180 Day Rule Overturned, Opt Out Questioned
Recent Decisions Question the 2014 Oklahoma Workers' Compensation Act

Sections of the 2014 Oklahoma Workers'


Compensation Act have been Overturned


Oklahoma Supreme Court Overturns the


180 Day Rule


The Supreme Court recently determined that the 180 day rule for cumulative trauma injuries was unconstitutional. 
Beginning on February 1, 2014, the Administrative Workers' Compensation Act set requirements for a compensable cumulative trauma claim, in part finding that, "the employee shall have completed at least one hundred eighty (180) days of continuous active employment with the employer." Prior to that time, there was no minimum time requirement. This provision eliminated the ability for an employee to pursue a cumulative trauma claim if they have not been with the employer for six months.
In Torres v. Seaboard Foods, LLC., 2016 OK 20, the Supreme Court ruled the 180 day requirement violates the Oklahoma Constitution.  Therefore, the law will revert back to no minimum time requirement for the allegation of a cumulative trauma injury.
Of particular note, Claimant argued a violation of the "Grand Bargain" citing forty-two (42) provisions of the new Administrative Workers' Compensation Act, wherein the employee's benefits were inadequate.  The Court, having already found the 180 rule unconstitutional, did not entertain this argument.  This, however, is the first of many decisions we are expecting from the Supreme Court this year.  It is anticipated that the breach of the Grand Bargain and how it erodes exclusive remedy protections will be a common theme.
This is a final decision.




Oklahoma Workers' Compensation Commission Rules on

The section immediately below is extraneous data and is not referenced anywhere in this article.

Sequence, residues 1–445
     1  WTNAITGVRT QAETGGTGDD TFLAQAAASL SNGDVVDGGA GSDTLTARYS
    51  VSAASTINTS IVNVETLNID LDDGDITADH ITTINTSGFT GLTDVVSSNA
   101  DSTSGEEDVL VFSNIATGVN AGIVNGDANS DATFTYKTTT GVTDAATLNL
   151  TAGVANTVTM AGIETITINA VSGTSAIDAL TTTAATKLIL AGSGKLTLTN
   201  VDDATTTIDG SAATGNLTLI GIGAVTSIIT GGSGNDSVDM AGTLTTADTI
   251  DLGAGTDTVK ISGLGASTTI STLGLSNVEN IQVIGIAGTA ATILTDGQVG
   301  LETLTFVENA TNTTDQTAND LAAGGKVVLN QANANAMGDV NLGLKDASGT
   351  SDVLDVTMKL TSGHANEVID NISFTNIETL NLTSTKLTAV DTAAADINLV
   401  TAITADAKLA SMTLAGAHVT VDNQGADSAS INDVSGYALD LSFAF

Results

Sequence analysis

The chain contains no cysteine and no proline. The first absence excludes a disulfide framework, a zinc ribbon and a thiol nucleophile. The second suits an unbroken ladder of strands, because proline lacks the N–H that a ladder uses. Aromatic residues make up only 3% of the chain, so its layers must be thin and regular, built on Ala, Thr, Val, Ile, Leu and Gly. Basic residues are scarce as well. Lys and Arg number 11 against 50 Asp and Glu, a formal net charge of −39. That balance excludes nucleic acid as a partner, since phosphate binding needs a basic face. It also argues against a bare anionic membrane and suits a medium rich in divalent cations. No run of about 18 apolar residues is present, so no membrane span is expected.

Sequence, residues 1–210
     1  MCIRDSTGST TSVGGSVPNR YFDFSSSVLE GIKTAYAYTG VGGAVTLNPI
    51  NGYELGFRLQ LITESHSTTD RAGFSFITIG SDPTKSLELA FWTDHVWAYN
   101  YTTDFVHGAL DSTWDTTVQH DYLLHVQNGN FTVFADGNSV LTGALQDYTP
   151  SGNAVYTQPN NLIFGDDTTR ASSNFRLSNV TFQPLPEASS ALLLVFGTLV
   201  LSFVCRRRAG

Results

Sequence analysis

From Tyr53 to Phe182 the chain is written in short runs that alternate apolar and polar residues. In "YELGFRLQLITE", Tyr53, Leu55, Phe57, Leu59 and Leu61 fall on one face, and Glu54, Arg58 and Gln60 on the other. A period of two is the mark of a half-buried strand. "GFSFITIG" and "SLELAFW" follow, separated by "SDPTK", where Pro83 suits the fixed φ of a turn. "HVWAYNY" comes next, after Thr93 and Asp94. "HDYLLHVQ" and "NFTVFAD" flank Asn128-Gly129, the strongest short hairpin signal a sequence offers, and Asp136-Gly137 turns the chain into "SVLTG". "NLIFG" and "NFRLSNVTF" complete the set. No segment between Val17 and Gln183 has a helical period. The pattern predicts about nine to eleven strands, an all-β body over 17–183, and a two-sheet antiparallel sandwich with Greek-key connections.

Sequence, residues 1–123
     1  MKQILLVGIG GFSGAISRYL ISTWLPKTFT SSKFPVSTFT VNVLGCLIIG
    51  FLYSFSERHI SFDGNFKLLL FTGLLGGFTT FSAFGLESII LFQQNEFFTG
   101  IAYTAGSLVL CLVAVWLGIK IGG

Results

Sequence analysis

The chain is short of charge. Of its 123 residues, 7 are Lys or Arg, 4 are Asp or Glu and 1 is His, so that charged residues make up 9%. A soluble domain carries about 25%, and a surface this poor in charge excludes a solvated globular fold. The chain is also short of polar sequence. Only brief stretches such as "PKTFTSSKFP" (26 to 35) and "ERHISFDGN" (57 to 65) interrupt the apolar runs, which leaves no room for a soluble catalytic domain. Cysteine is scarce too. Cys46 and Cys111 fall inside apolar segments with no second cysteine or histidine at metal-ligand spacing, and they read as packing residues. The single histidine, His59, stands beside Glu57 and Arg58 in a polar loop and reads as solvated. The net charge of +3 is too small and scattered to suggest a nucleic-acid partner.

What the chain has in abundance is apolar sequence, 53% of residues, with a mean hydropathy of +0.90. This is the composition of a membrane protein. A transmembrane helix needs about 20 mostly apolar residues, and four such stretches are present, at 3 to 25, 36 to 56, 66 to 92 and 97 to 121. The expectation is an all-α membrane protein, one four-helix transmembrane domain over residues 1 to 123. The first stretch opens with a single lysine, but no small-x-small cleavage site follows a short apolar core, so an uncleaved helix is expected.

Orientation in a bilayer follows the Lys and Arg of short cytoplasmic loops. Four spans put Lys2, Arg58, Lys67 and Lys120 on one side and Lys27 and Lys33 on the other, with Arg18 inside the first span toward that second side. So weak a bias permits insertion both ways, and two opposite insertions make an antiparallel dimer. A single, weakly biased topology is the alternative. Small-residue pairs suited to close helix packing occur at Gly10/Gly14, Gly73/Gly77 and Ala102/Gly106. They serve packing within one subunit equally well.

the "Opt-Out" Provision


The Oklahoma Workers Compensation Commission recently ruled on the "Opt-Out" provision of the new statute.  This provision allowed employers to "opt out" of the State's workers' compensation system and establish their own employee benefit plan.  In Jonnie Vasquez v. Dillard's, benefits were denied to an employee because her injury did not fit the employer's own definition of injury in the plan they created. 
The Commission found that sections of the employer created plan deprived their employees of their equal protection rights as well as creating an impermissible class of injured workers without access to the court.  The Commission decision is the first decision addressing the constitutionality of the Opt-Out provision. 
This is a  Commission decision and is therefore not final.  We anticipate further appeals.




Looking Forward

There are many pending decisions challenging various aspects of the 2014 Oklahoma Law changes.  MVP will continue to monitor all of these cases and provide additional updates. 

As always, if you have any questions about these decisions or any other Oklahoma issues, feel free to contact an MVP attorney!


Background on the Act


On February 1, 2014 the Oklahoma Legislature Reformed the Workers' Compensation Act. 
Some of these changes included adding provisions allowing a qualified employer to "opt out" of the provisions of the Administrative Workers' Compensation Act and set up their own employee benefit plan.